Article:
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God's Choice : THE TOTAL WORLD OF A FUNDAMENTALIST CHRISTIAN SCHOOL by Alan Peshkin (University of Chicago: $19.95; 345 pp.)

April 20, 1986|Steven M. Tipton | Tipton, a sociologist of religion, is the author of "Getting Saved From the Sixties" and co-author of "Habits of the Heart" (University of California). and

"You shall know the truth, and the truth shall make you free" (John 8:32). This biblical promise, coupled with mistrust of the larger society's worldliness, has long led American Fundamentalists to found Bible institutes, colleges and schools of their own. With a sharp eye and a generous if critical spirit, Alan Peshkin sets out to reveal the inner workings and overarching vision of one such school, a school dedicated to serving God by "declaring our tradition--the Bible, authority, patriotism. Learn not the way of the heathen."

Bethany Baptist Academy was begun in 1971 by an Independent Baptist Church in a small Illinois city. In 1980, the last year of this study by a professor of education at the University of Illinois, the academy numbered 350 students and 18 teachers. The conviction that "God's truth knows no limits" draws them together into "a total life" of Christian character-building that unites church and family into a "24-hour school" of the spirit. Its teachers serve the Lord 90 hours a week on a seven-day schedule that includes compulsory attendance at all church services by contract as well as personal conviction. In 1980-'81 they earned a base salary of $5,900. Yet they are overwhelmingly content in their work, competent and committed to an explicitly religious calling they see as the last best hope of America.

Born with a burden of sin and living in a world full of temptation, Fundamentalist Christians understand themselves to need strong discipline to learn self-control and accept responsibility as their brother's keeper. "The policing never stops," notes the school's headmaster. It ranges from demerits for girls with short dresses and boys with long hair through paddling for moviegoing, smoking, dancing and petting, to expulsion for drinking or taking drugs.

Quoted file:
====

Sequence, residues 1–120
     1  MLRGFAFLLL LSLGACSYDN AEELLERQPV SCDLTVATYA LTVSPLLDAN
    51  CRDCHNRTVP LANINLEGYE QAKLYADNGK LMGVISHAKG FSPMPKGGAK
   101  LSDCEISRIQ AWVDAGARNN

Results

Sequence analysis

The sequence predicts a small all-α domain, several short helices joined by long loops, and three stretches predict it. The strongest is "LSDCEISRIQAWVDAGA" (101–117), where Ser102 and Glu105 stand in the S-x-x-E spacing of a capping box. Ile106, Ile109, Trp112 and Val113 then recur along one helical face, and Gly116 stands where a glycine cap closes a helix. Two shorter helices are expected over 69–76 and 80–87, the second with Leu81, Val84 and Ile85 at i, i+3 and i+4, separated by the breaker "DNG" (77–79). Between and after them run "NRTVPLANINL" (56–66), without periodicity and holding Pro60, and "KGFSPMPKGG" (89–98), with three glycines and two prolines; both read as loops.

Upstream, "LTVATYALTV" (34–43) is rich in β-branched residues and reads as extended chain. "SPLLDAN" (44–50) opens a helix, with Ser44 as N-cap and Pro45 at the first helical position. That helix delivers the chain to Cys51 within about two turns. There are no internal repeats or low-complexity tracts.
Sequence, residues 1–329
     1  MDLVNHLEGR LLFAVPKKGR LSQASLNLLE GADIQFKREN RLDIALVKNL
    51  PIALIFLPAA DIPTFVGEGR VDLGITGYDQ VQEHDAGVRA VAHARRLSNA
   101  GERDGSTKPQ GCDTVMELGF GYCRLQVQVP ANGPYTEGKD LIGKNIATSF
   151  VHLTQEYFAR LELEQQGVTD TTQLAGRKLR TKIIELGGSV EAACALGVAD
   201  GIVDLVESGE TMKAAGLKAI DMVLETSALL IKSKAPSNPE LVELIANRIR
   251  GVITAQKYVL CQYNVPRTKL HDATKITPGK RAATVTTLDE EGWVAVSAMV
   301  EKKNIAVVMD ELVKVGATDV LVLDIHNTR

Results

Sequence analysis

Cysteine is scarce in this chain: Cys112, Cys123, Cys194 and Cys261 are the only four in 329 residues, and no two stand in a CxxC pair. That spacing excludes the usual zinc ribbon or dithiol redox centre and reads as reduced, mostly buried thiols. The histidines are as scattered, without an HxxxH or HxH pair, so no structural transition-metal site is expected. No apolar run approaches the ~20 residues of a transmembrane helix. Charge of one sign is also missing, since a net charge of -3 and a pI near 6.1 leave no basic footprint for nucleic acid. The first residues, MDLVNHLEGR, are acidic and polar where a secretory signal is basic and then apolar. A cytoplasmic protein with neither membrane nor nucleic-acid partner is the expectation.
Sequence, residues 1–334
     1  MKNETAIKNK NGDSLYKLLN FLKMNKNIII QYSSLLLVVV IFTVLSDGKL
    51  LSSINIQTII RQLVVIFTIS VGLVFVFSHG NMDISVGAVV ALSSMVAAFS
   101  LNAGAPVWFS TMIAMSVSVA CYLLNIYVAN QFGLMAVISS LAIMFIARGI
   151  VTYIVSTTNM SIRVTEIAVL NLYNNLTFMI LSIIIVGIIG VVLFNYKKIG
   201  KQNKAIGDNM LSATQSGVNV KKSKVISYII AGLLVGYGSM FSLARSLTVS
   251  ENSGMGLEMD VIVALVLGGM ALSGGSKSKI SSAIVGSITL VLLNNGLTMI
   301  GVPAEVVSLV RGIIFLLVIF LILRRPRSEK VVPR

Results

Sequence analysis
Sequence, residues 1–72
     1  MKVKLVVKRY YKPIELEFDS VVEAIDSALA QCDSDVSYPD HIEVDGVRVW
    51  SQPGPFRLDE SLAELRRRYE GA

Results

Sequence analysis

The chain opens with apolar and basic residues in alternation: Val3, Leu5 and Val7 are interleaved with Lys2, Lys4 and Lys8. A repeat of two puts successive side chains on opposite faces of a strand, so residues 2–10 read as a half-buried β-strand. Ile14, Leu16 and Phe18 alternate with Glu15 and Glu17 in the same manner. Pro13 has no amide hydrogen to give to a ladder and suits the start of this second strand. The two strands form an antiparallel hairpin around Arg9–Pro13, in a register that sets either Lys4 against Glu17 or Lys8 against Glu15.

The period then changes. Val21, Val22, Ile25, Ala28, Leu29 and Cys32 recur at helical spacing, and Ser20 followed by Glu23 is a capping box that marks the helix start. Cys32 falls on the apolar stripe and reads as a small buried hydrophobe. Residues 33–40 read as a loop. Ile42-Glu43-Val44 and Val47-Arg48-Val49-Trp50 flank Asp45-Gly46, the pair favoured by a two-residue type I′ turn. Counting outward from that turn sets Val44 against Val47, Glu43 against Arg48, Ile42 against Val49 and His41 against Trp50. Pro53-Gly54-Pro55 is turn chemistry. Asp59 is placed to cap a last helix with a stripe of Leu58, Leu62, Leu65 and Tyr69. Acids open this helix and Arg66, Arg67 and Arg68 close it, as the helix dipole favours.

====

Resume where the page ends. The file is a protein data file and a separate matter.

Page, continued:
To mold the moral integrity of God's people, the school seeks to integrate Scriptural study and academic instruction. History becomes " His story." Science manifests the handiwork of God's creation, and mathematics shows its orderliness. English and Bible study go hand in hand to the pulpit for a priesthood of all believers obliged to preach and proselytize.

After exploring Bethany's doctrinal outlook, structure of control and socializing regimen in the company of its teachers and headmaster for the first half of this book, it comes as a real relief to meet its students in the second half and find them more like their once-born peers than like pious automatons. They whisper and pass notes in class, write "Let it rip" on washroom walls, discuss "Saturday Night Live" between classes. A few of them even cheat on tests, deface books, get pregnant. Students pondering the millennium wonder "if we would have a choice of where we wanted to live and what kind of house we wanted to have." They look forward to being raptured away when the world ends, but not before they get their driver's licenses.

In fact, such incongruities raise few eyebrows among an elect separated out from "the world" who nonetheless see themselves as exemplary Americans. The very innocence of their pranks and romances suggests how different these students are from many of their counterparts in the secular city, as does the orthodoxy of the moral standards they continue to hold, even when they don't live up to all of those standards.

These attitudinal comparisons are blurred, however, by the book's failure to fill in the social background and location of Bethany's students and their families in relation to their public school counterparts, whether across town or across the nation. This also blurs the social meaning of the political and economic conservatism Bethany's students and teachers espouse.

In the 1980 elections, all of the teachers voted for Ronald Reagan, as did 93% of the students. They did not consider Reagan a born-again Christian. They supported him for taking doctrinally sound positions on key issues, positions which the born-again Jimmy Carter violated.

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